3 Things to Keep in Mind Regarding Restoring Your Gun Rights After a Felony Conviction

One of the most widely ignored types of discrimination occurs to those who served time in state or federal prison on felony charges. The incarceration system is supposed to be about paying your dues to society for your crime and then moving on with your life. 

However, many former inmates find that life after prison is like being in a permanent time-out from the rest of society. In fact, recidivism rates in the U.S. are over 50% within three years of release from prison. 

This is due to the hardship a felony conviction places on a person’s ability to find a job, limitations on where they can afford to live and restrictions against them ever owning a firearm, even if that firearm is a rifle for hunting or another legal activity. 

A felony conviction doesn’t necessarily mean the person’s gun rights are lost forever. There are many hoops to jump through to restore gun rights after a felony conviction. Here are 3 important things to keep in mind.

3 Facts About Gun Rights After a Felony

1.Gun Control Act applies to all felony convictions, not just violent ones.

Not all felonies involve violence or injuring another person. In some instances, the “white collar” crime of money laundering can be considered a felony, as well as custodial interference. Originally, the federal government only banned people convicted of a violent felony from owning firearms. 

However, the previous law was updated with the Gun Control Act of 1968. This new law amended the restriction from owning guns to just violent felons to anyone ever convicted of a felony, including those that didn’t involve violence. 

This law continues to this day. However, more and more states are starting to consider the possibility of allowing people with previous felony convictions to reinstate their right to own guns. As mentioned, felons who wish to get their gun rights reinstated face a lot of hurdles, conditions and government red tape.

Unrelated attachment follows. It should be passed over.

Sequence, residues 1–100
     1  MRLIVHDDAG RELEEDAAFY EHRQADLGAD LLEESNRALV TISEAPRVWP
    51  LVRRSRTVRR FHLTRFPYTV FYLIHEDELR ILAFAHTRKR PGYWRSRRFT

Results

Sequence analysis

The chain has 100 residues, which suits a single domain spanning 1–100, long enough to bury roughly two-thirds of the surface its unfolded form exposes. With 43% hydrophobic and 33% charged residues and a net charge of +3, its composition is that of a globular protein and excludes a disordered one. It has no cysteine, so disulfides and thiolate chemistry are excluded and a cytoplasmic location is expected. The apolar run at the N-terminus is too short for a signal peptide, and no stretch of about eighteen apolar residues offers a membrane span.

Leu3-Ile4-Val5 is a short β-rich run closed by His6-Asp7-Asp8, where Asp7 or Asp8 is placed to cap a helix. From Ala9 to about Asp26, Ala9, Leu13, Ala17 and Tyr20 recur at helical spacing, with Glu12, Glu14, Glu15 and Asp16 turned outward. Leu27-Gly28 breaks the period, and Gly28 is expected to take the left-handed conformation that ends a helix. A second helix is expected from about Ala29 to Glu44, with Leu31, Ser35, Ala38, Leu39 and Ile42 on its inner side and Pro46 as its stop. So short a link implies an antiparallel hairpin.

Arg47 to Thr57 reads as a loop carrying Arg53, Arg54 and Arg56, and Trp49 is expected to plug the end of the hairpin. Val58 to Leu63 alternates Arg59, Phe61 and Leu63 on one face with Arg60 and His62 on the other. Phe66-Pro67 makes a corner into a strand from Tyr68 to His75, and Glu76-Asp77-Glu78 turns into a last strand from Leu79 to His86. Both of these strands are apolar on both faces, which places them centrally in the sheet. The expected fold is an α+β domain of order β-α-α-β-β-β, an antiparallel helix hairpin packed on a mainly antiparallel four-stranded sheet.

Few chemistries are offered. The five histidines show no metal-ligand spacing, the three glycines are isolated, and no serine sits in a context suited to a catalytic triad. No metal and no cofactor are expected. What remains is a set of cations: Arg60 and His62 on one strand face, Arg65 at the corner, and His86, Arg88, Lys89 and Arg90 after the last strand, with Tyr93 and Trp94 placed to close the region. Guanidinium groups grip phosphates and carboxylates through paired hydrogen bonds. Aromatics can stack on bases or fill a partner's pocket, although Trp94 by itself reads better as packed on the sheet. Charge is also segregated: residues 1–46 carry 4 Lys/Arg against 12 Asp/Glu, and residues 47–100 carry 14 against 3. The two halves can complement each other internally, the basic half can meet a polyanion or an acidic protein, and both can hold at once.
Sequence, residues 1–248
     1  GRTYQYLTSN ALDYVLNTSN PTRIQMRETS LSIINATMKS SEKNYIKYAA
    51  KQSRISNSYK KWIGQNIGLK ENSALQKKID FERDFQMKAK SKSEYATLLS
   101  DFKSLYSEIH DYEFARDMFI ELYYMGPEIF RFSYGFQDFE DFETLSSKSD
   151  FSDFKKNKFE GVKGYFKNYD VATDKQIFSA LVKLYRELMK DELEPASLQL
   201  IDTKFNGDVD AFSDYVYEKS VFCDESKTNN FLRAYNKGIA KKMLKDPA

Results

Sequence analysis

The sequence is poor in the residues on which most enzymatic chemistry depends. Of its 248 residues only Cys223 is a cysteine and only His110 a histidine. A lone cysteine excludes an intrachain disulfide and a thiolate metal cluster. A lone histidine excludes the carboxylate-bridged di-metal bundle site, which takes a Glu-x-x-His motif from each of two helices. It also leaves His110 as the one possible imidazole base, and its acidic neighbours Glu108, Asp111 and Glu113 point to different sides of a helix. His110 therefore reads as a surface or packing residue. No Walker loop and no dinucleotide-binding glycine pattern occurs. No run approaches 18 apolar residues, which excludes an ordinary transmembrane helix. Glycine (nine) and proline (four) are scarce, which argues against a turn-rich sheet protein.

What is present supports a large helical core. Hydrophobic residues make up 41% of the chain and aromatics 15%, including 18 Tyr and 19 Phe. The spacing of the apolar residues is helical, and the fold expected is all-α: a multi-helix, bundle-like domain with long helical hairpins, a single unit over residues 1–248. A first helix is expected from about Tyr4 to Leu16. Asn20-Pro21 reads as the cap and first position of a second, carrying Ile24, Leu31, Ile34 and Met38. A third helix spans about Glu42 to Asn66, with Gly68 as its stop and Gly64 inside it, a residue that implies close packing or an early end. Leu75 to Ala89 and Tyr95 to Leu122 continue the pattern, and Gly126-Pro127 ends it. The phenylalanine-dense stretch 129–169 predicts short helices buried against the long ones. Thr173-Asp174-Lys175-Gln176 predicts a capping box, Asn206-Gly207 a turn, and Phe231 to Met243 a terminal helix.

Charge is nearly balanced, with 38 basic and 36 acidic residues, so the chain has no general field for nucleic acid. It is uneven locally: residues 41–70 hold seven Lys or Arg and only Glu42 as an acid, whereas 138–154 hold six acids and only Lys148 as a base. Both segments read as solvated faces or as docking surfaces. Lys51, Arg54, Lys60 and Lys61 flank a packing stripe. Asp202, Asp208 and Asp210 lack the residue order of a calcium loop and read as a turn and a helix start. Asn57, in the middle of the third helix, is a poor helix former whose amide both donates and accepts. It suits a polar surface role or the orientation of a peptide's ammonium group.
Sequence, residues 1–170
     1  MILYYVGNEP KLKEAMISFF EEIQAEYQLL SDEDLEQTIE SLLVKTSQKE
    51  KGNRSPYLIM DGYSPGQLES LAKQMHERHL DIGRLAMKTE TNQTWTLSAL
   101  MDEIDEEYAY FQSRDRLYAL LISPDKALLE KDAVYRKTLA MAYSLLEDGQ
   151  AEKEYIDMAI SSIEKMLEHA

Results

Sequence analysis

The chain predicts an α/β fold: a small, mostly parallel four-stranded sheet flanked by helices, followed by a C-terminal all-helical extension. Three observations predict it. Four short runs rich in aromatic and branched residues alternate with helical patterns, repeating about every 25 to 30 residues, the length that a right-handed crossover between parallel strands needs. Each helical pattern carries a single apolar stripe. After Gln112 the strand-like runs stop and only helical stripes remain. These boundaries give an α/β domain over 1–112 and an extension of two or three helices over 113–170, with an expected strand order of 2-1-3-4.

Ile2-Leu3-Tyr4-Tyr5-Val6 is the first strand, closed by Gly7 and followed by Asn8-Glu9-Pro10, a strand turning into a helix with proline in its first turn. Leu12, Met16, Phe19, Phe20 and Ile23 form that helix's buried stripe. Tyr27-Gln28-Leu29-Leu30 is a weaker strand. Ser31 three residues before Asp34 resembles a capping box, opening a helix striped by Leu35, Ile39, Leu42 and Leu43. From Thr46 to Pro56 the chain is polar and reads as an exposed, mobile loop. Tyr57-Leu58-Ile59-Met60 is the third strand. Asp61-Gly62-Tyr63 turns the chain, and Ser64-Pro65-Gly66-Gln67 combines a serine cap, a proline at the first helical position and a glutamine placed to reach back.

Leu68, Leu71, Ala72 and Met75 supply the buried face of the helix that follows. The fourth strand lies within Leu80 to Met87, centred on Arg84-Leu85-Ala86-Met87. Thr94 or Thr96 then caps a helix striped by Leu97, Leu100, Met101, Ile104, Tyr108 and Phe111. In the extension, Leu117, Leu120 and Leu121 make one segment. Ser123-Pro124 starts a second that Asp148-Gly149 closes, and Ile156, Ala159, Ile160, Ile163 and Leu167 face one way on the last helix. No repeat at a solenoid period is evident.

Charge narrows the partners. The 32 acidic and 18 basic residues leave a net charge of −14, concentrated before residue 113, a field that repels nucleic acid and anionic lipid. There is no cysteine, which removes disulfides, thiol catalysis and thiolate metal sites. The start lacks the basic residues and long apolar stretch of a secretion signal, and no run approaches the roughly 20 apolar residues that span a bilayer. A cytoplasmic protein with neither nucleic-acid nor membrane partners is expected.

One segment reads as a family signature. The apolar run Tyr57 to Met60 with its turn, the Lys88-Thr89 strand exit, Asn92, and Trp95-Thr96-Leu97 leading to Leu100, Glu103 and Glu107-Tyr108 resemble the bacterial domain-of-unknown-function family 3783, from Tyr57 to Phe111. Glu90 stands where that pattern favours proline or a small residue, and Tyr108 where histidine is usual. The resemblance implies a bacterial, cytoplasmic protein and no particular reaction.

2. Restrictions apply to ammunition, too.

Items considered firearms by authorities applies to more than just guns. For example, rockets are also considered firearms. Swords, tasers and knives, however, are legal for convicted felons to own, though some states have restrictions on these items as well. 

Many people – convicted felon or not – may be surprised to find out that it’s illegal for felons to own any type of ammunition. This is due to the law stating that felons are unable to purchase guns OR ammunition. 

Something as minor as being caught with a bullet, but no gun, can result in another felony conviction, which would definitely end any possibility of ever getting gun rights restored. One condition of the restoration process is the absence of a second felony conviction. 

3. Getting your records expunged is more difficult with federal felony convictions.

The best way to get gun rights restored after a felony conviction is by getting your records expunged if you reside in a state that allows it. The difficulty of the process depends greatly on if the conviction was in state court or federal court. 

Getting records expunged after state charges is much easier than if the charges are on a federal level. The first step in expunging your record in is filing an application with the U.S. Attorney’s office. 

There are many conditions a former felon must meet before their gun rights are restored. Such conditions pertain to employment, public safety, community involvement and whether their record post-felony convictions remains clean. 

Local criminal defense lawyers will have more information on the steps to gun rights restoration in your state. Laws regarding restoration of firearms vary from state-to-state. Contact a felony criminal defense lawyer for your specific case. 

Another option for restoring firearm rights is by applying for a presidential pardon or a pardon with the governor of your state. 

Bottom Line

Returning to ‘normal’ life after a felony conviction – or any conviction – can be frustrating and lonely. As difficult as it may be, separating yourself from former hangouts and former friends can keep you out of another prison bid.